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By Brian Contos, CISO, Verodin®, now part of FireEye

Cyber risk is now a top concern for C-level executives given the huge financial liability companies face when a breach occurs. Even with the potential for catastrophic losses, companies do not measure cyber security like every other business function – mainly due to a lack of understanding of how to make such calculations. At the same time, millions of dollars are being invested by enterprises in security solutions, yet the number of breaches keeps increasing.

In the FireEye M-Trends 2019 report, research shows that "attacks by many known adversaries continue to succeed with the same or very similar TTPs as before, illustrating that targeted attackers continue to succeed in their missions and many known threat are left unaddressed. This is also evident by the high percentage of cyber attack victim organizations being retargeted."

Beyond safeguarding a company's assets, cyber risk is now about corporate brand and reputational risk, operational risk, and financial risk. Gartner recently reported that CEOs are increasingly being blamed and fired as a result of cybersecurity-related events, more so than IT executives. The research states that CIOs concerned with IT risk need to help CEOs better understand security effectiveness and risk, and achieve greater defensibility with key stakeholders. And, that means being able to translate cybersecurity effectiveness into business speak.

But, continuing to throw more dollars at more security solutions, without a baseline understanding of what's working and what's not, will not give companies more protection. So, what will help CIOs to more confidently identify and address these gaps? And how they can better arm the C-suite with evidence-based data about security effectiveness so it can be measured like any other business function? The answer lies in instrumentation. Here's why.

  1. Validate the security stack
    Today, with much more at stake, security teams need to manage increasing complexity in the environment while they figure out how to report on and provide guidance to the rest of the business like sales, marketing, HR and finance – based on quantitative measurements, not assumption-based metrics. Instrumentation enables them to answer important questions like:
    1. Are we getting the most value from our tools?
    2. Are my processes effective and do they trigger the right behaviors if alerted - or not?
    3. Is what I'm doing providing real value for the dollars we spent?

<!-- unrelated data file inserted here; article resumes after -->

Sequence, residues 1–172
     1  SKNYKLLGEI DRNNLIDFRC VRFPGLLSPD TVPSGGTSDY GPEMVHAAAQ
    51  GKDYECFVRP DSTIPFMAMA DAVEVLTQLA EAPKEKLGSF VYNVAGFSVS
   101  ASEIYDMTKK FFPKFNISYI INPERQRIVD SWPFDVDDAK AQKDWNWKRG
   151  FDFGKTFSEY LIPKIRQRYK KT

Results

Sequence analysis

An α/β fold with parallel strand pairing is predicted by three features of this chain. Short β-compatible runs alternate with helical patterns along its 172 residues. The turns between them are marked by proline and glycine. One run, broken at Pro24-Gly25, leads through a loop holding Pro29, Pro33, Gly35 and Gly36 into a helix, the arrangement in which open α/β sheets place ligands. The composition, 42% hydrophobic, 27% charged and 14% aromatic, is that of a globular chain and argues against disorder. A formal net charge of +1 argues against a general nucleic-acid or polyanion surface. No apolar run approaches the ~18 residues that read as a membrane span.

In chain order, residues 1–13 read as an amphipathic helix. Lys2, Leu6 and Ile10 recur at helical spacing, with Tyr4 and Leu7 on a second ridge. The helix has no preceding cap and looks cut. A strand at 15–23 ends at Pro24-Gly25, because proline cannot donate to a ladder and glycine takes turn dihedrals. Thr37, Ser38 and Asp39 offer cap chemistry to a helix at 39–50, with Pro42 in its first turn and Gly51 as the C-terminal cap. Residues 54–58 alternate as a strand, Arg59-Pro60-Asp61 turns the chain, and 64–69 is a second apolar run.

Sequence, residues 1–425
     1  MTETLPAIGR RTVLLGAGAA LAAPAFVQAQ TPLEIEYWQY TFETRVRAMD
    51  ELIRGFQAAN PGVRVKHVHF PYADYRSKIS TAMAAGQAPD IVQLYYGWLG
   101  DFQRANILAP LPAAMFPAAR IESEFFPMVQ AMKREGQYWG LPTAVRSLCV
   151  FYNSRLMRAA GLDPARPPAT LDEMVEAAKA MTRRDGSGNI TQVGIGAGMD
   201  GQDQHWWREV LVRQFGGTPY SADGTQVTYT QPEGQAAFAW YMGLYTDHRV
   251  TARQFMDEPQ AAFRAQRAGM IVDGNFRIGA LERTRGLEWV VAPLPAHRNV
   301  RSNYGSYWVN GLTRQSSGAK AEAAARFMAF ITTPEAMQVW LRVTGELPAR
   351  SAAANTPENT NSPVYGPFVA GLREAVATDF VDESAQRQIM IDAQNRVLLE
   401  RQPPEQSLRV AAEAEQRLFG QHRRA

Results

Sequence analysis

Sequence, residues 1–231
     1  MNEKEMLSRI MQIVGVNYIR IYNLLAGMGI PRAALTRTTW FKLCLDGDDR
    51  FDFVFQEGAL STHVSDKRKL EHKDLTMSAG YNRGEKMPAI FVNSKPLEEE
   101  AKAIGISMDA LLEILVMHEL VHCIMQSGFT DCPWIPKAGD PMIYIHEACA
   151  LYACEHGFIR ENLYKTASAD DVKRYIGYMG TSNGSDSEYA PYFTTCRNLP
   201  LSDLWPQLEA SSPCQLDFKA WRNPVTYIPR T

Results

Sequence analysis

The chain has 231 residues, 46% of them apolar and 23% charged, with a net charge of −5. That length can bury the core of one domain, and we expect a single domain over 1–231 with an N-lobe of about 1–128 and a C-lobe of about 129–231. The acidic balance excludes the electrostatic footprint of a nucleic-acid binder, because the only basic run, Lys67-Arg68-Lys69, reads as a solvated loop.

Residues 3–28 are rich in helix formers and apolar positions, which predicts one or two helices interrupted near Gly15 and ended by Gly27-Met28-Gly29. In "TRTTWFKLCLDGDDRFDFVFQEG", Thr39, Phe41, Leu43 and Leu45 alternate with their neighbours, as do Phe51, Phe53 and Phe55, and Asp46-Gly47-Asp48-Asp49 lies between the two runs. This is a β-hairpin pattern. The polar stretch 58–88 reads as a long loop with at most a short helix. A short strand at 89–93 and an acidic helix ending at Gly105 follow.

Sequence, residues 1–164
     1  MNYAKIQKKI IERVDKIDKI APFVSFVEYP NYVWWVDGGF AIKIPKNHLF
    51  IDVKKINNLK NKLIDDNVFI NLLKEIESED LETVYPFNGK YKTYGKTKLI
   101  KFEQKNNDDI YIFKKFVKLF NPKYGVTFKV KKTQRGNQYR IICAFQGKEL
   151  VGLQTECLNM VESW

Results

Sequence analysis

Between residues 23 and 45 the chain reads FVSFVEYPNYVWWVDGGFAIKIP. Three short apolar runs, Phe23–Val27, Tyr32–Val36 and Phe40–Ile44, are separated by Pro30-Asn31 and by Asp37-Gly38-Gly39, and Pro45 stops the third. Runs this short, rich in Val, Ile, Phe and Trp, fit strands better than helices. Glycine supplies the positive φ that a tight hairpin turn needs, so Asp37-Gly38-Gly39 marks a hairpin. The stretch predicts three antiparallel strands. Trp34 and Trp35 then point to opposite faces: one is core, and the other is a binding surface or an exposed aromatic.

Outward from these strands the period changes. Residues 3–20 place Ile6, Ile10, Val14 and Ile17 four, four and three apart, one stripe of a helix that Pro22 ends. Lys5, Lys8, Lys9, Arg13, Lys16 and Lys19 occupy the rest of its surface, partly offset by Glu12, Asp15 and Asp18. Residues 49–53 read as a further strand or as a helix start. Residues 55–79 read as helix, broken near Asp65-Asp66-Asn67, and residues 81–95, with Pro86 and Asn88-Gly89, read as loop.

2. Conduct and automate the right tests
    Audits and pen tests serve a purpose but they stop short of enabling security teams to pinpoint vulnerabilities, fix them, and validate that the fix is successful over the long-term. Instrumentation is a way to automate the entire process on an ongoing basis – measuring security effectiveness across prevention, detection, and response, as well as managing and improving security effectiveness through prescriptive results. Once systems are optimized and operating as intended, you can automatically monitor for environmental drift to ensure that what's working stays working.
  3. Optimize and rationalize the security stack
    When evaluating new security tools, do you know if you're considering solutions that enable the business? We only create processes, build apps, or hire people if they result in a business benefit, but we haven't held security to the same standard because there weren't the right tools to measure it. With instrumentation, we now have solutions that determine how security components enable and improve operations.
  4. Report actionable insights to executives

Today's security teams are being held to a much higher standard, and are being called to the carpet by the audit committee, the C-suite and the Board. Key stakeholders want assurance that the security controls that are in place are doing what they're supposed to. Instrumentation platforms provide evidence-based, actionable reporting to give executives peace of mind that the security infrastructure is being continually monitored and optimized to fully protect the brand, operations, and financial position.

Cyber attacks and breaches are inevitable. Measuring, monitoring and improving your security systems before an attack takes place is entirely possible with today's instrumentation tools, while giving companies maximum value out of their security investments. Demonstrating defensibility against potential threats through instrumentation is good for security and good for the business.

 

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